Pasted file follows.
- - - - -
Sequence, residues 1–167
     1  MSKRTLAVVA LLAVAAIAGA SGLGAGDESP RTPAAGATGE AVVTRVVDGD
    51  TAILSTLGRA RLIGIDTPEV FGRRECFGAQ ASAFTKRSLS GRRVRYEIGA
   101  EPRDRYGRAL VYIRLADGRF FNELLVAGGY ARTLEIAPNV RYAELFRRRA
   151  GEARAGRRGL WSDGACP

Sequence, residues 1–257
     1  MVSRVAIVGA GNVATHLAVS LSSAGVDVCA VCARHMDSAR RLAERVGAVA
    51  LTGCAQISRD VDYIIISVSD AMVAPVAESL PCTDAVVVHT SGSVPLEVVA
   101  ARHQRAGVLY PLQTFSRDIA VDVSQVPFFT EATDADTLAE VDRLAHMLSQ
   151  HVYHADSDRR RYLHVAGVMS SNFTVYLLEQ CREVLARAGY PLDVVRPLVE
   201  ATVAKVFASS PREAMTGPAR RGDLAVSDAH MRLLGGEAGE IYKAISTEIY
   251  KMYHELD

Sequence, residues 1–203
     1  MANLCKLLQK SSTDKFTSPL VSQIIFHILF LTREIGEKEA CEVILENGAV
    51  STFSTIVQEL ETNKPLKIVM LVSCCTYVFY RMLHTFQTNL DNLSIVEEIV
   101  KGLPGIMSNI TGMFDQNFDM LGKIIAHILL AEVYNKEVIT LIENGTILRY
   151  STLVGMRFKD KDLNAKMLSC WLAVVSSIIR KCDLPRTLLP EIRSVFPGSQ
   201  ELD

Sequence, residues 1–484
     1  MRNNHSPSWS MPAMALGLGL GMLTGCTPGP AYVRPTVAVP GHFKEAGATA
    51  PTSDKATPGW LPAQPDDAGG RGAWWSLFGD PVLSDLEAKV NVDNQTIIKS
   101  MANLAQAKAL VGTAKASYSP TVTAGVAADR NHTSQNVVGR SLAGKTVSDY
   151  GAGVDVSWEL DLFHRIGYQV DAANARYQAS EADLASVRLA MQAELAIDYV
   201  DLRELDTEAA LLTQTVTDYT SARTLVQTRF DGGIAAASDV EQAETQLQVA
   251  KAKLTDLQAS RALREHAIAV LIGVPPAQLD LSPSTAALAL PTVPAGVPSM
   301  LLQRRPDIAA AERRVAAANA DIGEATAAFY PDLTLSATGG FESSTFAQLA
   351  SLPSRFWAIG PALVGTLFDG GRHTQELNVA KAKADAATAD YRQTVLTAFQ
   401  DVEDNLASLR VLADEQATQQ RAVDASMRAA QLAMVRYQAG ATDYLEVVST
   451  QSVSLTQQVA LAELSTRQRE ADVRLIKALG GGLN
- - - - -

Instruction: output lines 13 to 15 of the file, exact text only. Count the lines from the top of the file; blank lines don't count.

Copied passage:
Sequence, residues 1–203
     1  MANLCKLLQK SSTDKFTSPL VSQIIFHILF LTREIGEKEA CEVILENGAV
    51  STFSTIVQEL ETNKPLKIVM LVSCCTYVFY RMLHTFQTNL DNLSIVEEIV